This blog has examined the new trend toward “micro-housing” in terms of sub-urban and rural settings in the articles Teeny, Tiny Houses in July of 2011, and Tiny Houses: Part 2 in March of 2012. The trend for small, efficiently-designed housing doesn’t look to be letting up any time soon despite a slight bounce-back of the general real estate markets.
Now we are hearing more about big cities either looking into developing “micro-housing units” convenient to downtown workplaces and shopping, at reasonable prices (and rental prices) for young workers, middle income singles and couples without children, and segments of the elderly population.
The Christian Science Monitor for September 25th asks, “Could you live in 150 square feet? Cities try out micro-housing.” They report that San Francisco, Seattle, Chicago and New York have begun trials of ever-smaller ‘efficiency’ apartments – dubbed micro-housing – in the hearts of their metro areas. For those who would eschew living as Bruce Willis’ character in the movie The Fifth Element, the very thought of living in a single room is uncomfortable. For many singles, childless couples and young people coming out of college (where they’ve lived in a dorm room for awhile), living small in the midst of the city doesn’t sound so bad.
Think about it. If you work 8-10 hours a day (sometimes more), what do you really need from ‘home’ apart from some privacy, a kitchenette to store and prep the few meals that aren’t eaten out, a suitable bathroom, a TV chair, a place to do any take-home work they’ve got, and a comfy bed to sleep in?
There is a notorious lack of affordable housing in urban, downtown areas all over the country, and despite the recent economic collapse, the costs aren’t going down. The Japanese have long been pioneers in living in small spaces, but how many Westerners would be happy in 250 square feet or less? New York designer/architect Alexander Gendell, whose company Foliture specializes in fold-away furniture for tight spaces (think Murphy Bed), told CSM…
Low quality of life does not have to go hand in hand with limited living space, he says. He points to Tokyo, where the Japanese have figured out how to make every inch of living space count, he says. “It’s entirely possible to live well in 200 square feet of living space,” he says, as long as every function has been well thought out.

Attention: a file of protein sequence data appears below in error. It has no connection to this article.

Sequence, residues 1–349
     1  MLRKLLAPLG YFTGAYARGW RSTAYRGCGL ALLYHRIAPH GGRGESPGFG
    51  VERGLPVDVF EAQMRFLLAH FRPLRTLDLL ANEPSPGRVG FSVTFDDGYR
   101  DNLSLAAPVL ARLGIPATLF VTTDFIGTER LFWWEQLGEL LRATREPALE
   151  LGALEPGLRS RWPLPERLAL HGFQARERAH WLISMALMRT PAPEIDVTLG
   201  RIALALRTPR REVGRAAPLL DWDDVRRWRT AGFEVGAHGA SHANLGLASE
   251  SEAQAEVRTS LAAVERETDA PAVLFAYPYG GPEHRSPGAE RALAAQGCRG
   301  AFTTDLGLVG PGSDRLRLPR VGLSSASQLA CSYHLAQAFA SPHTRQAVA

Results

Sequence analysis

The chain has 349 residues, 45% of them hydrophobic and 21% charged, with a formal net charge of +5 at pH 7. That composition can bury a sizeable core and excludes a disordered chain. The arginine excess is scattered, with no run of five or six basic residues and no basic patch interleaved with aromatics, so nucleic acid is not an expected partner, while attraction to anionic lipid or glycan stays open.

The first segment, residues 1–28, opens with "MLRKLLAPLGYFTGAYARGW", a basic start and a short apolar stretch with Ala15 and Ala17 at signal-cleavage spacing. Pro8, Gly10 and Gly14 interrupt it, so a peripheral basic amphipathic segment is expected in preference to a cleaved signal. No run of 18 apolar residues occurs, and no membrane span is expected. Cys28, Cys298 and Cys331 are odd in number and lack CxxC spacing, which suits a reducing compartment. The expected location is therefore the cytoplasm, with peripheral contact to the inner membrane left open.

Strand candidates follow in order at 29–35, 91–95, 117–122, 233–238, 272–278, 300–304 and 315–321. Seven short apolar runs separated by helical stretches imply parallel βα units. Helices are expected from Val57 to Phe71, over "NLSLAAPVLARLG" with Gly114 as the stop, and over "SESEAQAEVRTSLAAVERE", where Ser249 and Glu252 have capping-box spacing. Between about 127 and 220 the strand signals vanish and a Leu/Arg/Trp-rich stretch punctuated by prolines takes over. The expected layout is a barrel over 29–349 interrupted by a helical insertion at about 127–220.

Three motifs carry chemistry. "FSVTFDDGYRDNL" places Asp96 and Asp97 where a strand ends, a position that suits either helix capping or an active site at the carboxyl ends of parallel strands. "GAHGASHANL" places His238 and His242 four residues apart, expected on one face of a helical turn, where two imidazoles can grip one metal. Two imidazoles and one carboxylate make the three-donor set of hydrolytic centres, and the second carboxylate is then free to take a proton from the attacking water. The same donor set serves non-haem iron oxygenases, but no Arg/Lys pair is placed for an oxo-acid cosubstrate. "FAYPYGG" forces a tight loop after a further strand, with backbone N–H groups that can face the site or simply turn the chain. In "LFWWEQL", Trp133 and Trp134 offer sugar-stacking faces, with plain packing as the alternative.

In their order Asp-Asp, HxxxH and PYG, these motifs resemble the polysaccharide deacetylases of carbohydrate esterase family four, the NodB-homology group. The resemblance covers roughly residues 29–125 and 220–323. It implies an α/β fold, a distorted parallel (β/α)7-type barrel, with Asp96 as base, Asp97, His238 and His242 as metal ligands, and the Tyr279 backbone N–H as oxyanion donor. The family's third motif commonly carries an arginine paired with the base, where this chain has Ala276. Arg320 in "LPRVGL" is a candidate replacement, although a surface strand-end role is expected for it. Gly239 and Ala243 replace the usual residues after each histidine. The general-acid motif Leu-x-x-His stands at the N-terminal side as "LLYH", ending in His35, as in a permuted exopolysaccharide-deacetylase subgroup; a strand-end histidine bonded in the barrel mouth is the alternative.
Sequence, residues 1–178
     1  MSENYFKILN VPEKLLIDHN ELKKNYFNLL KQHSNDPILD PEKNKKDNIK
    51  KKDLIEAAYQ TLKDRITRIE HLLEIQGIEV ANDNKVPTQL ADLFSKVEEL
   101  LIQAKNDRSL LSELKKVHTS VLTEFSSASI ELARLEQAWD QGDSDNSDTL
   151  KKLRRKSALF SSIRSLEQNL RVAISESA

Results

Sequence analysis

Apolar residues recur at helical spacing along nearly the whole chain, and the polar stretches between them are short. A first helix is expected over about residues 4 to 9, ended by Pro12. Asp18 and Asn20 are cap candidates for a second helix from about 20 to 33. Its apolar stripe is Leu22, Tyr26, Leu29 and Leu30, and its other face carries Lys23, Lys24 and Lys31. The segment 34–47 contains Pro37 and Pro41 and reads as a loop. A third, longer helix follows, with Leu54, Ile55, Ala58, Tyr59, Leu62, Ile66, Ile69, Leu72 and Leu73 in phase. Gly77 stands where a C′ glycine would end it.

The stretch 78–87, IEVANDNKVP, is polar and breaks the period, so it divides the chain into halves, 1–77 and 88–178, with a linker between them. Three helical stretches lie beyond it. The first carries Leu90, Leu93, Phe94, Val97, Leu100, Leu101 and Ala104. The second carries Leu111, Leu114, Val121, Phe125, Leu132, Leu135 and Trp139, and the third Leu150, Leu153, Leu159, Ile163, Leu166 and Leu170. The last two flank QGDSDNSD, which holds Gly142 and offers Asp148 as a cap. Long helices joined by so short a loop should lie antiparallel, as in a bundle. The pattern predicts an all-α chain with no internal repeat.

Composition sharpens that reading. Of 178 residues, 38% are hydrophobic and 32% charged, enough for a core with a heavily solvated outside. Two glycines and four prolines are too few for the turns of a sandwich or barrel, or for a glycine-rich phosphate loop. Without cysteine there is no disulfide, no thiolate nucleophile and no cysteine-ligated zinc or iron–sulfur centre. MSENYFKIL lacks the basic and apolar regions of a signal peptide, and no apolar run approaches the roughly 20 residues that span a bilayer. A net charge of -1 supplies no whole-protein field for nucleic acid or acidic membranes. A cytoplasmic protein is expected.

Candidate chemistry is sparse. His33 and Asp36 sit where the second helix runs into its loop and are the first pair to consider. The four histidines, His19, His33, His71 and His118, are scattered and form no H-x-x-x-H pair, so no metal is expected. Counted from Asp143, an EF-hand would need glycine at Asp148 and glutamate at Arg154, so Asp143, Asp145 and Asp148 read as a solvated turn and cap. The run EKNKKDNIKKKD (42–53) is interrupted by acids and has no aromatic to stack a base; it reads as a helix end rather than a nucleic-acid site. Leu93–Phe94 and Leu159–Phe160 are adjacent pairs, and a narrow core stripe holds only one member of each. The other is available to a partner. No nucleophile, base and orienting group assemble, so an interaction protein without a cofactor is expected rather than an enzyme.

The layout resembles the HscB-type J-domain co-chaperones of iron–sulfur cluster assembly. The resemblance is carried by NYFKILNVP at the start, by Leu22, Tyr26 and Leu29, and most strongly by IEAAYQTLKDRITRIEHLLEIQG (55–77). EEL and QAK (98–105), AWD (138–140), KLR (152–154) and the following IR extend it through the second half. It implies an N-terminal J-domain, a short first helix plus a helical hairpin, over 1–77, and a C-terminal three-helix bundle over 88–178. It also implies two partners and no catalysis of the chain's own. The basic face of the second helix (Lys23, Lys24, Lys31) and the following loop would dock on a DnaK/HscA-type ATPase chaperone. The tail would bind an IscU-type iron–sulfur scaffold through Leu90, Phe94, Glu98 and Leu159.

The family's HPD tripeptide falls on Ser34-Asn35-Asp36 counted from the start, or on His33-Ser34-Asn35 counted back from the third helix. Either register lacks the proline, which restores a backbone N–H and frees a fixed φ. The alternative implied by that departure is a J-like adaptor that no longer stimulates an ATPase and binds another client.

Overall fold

“We are certainly not the first ones to deal with this issue,” Mr. Gendell says with a laugh. “We are blessed in this country with more living space,” he says, but many other nations have proved that it is entirely possible to live in a more concentrated living environment – one that would be better for the planet.
Chicago has built thousands of downtown dorm units in high-density buildings in recent decades, for the income-challenged and homeless population. As housing prices in cities begin to rise again, these small units will become increasingly popular. Moreover, I’d be willing to suggest that as “living small” becomes a somewhat normal thing in cities, the suburban and rural movement toward tiny houses will also benefit. Even stay-at-home homesteaders tend to spend more time outside than in as we work toward our idyllic self-sufficient dreams, many of us are nearing retirement age and the children are on their own. The whole “Tread Lightly On The Earth” philosophy has merits that perhaps in coming years our city cousins can learn to appreciate as much as we do. They’ll need outdoor activities to occupy their time too, so perhaps we can expect a boom in rooftop community gardens as this micro-housing trend takes off.
City homesteading can be ‘a thing’ too!